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The presence or absence of pubescence (trichomes) on foliage, and their appearance, can be significant plant identification features. However, for some plant species, leaf pubescence can vary significantly from one individual to another, or between cultivars and seedling plants. And this variability may occasionally lead to questions regarding the correct ID.
A good example is the southern magnolia (Magnolia grandiflora). The leaves are generally described as having a rusty-colored pubescence underneath, but the leaves of some seedling-grown trees may appear to have no pubescence at all. (In these cases, pubescence will still be obvious to the touch, however.) On the other hand, certain cultivars, such as ‘Bracken’s Brown Beauty,’ will present a solid cover of rusty, almost woolly (tomentose) pubescence. In fact, the color contrast between upper and lower leaf surfaces is one of the outstanding characteristics of this particular cultivar, along with exceptional winter hardiness and somewhat reduced mature size.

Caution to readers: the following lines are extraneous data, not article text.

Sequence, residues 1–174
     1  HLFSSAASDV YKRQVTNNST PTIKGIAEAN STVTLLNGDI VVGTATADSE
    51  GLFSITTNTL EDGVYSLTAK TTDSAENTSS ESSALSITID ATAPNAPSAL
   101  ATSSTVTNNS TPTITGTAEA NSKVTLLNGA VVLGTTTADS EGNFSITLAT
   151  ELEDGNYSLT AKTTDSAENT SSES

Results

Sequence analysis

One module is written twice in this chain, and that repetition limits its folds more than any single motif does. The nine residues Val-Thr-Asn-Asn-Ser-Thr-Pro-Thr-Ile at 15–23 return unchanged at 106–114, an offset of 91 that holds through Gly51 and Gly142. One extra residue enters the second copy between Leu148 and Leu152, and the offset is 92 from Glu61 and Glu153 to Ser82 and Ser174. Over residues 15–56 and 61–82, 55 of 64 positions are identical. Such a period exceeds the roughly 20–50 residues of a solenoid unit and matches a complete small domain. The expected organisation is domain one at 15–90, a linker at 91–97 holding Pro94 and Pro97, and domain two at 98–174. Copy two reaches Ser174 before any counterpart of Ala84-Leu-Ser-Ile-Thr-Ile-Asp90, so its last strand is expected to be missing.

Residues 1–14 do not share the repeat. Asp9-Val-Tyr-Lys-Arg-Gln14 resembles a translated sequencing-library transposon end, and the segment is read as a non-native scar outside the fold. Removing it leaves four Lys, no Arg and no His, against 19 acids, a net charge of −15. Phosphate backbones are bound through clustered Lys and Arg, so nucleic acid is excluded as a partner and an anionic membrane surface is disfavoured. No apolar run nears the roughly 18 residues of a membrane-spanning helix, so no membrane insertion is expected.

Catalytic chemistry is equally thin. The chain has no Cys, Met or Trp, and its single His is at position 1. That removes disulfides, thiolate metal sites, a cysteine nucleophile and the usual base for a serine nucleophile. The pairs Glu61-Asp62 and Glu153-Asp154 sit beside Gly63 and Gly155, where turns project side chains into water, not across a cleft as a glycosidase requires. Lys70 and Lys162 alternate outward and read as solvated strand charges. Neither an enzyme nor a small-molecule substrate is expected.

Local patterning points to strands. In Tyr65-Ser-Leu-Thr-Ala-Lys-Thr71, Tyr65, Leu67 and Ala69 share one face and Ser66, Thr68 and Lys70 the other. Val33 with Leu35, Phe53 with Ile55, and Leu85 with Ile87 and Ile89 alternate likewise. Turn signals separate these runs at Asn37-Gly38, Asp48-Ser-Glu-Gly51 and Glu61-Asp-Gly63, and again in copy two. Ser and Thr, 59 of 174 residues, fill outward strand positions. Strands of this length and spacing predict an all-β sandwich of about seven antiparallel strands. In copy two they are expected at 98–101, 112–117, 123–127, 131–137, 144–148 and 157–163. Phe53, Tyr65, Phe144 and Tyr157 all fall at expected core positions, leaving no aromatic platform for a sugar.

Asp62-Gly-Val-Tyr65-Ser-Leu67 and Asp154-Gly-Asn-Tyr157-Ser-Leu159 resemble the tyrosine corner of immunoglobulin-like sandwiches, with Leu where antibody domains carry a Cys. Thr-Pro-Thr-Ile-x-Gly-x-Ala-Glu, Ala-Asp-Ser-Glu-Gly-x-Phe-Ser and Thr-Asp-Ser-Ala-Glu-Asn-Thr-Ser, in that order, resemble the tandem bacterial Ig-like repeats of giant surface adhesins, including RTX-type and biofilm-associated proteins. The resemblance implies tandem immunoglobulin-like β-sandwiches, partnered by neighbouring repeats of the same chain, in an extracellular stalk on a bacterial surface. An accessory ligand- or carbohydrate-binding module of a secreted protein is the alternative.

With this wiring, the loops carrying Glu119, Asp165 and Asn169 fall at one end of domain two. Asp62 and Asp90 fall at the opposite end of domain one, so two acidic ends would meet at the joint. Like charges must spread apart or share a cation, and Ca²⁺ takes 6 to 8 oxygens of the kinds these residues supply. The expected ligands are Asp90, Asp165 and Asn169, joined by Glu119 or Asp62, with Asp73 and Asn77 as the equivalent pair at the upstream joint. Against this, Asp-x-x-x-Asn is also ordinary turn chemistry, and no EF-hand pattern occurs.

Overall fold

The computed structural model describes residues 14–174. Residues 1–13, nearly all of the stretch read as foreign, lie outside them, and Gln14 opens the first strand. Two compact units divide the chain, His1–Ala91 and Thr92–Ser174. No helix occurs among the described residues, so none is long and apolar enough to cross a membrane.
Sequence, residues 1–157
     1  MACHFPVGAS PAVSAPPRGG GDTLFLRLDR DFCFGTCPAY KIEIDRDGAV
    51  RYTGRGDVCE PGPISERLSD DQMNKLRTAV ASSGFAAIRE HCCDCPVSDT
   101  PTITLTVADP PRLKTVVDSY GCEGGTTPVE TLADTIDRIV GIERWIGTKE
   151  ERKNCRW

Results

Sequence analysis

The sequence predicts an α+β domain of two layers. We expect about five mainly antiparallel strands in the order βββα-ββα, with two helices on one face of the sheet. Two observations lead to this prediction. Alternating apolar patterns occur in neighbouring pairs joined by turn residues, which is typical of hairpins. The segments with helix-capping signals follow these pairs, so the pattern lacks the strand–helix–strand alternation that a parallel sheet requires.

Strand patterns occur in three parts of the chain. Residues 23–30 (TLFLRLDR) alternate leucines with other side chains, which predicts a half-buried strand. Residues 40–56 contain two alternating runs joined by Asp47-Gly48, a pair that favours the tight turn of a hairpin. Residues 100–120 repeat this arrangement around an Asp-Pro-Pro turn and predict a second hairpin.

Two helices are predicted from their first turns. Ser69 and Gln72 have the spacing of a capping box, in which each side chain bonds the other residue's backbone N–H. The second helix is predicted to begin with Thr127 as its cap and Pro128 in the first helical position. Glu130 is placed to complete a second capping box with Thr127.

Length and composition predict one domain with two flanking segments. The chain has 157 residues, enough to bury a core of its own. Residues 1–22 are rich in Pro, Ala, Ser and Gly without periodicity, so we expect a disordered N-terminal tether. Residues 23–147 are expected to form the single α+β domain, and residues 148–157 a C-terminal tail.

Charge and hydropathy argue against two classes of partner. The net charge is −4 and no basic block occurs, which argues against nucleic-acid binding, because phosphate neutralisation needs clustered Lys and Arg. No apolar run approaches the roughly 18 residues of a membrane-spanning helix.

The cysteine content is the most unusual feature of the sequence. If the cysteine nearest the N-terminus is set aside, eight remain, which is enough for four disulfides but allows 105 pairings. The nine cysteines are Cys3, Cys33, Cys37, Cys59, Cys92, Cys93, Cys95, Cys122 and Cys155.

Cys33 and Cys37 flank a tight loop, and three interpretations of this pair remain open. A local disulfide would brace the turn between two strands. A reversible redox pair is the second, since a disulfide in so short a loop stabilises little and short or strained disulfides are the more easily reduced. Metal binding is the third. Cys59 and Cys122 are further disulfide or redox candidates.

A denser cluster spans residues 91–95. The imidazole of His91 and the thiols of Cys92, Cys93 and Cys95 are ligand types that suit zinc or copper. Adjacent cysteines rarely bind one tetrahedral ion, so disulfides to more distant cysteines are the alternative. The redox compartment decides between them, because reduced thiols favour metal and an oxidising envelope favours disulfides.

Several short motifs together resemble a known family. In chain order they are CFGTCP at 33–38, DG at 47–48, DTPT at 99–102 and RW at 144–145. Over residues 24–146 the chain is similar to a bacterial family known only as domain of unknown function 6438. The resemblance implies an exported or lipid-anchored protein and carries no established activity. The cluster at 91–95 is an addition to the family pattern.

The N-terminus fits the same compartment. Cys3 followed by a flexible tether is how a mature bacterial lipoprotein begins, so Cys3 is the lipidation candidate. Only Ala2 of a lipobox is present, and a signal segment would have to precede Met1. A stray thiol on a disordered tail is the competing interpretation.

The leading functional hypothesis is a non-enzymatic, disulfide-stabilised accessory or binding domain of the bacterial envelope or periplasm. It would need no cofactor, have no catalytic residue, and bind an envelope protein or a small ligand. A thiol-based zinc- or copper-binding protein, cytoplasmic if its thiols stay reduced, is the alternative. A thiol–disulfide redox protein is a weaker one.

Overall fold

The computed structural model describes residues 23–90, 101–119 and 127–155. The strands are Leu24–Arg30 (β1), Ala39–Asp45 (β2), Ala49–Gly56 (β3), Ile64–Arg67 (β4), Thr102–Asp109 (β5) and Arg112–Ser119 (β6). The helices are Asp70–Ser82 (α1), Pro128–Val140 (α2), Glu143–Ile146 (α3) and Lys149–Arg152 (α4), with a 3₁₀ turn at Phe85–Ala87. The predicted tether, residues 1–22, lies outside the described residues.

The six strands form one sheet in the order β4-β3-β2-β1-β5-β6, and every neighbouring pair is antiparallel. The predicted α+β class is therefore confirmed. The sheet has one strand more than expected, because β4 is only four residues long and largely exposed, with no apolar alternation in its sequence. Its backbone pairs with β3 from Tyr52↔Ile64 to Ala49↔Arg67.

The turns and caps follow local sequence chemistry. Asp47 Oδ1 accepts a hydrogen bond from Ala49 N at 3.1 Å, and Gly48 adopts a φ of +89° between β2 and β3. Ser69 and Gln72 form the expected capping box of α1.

Intermediate between a seedling tree with little apparent pubescence, and ‘Bracken’s Brown Beauty’ with striking rust-colored pubescence, we have the well-known ‘Little Gem,’ described by Dirr as having “bronzy brown pubescence” on the leaf underside. ‘Little Gem’ foliage is quite attractive, but to my mind not nearly as striking as that of ‘Bracken’s Brown Beauty.’ However, aesthetics are a matter of personal preference, and ‘Little Gem’ is a better choice for limited space sites.
As a species, southern magnolias are among our toughest and most beautiful landscape trees and deserve wider use. Be aware of the foliage variability, and don’t count on seeing the same pubescence characteristics on all the southern magnolias you encounter.
‘Bracken’s Brown Beauty’
Left to right, ‘Little Gem’, ‘Bracken’s Brown Beauty’, and seedling tree. Different appearances, but all three are Magnolia grandiflora.
Closeup view of pubescence on seedling-origin magnolia; it’s sparse, but it’s definitely present.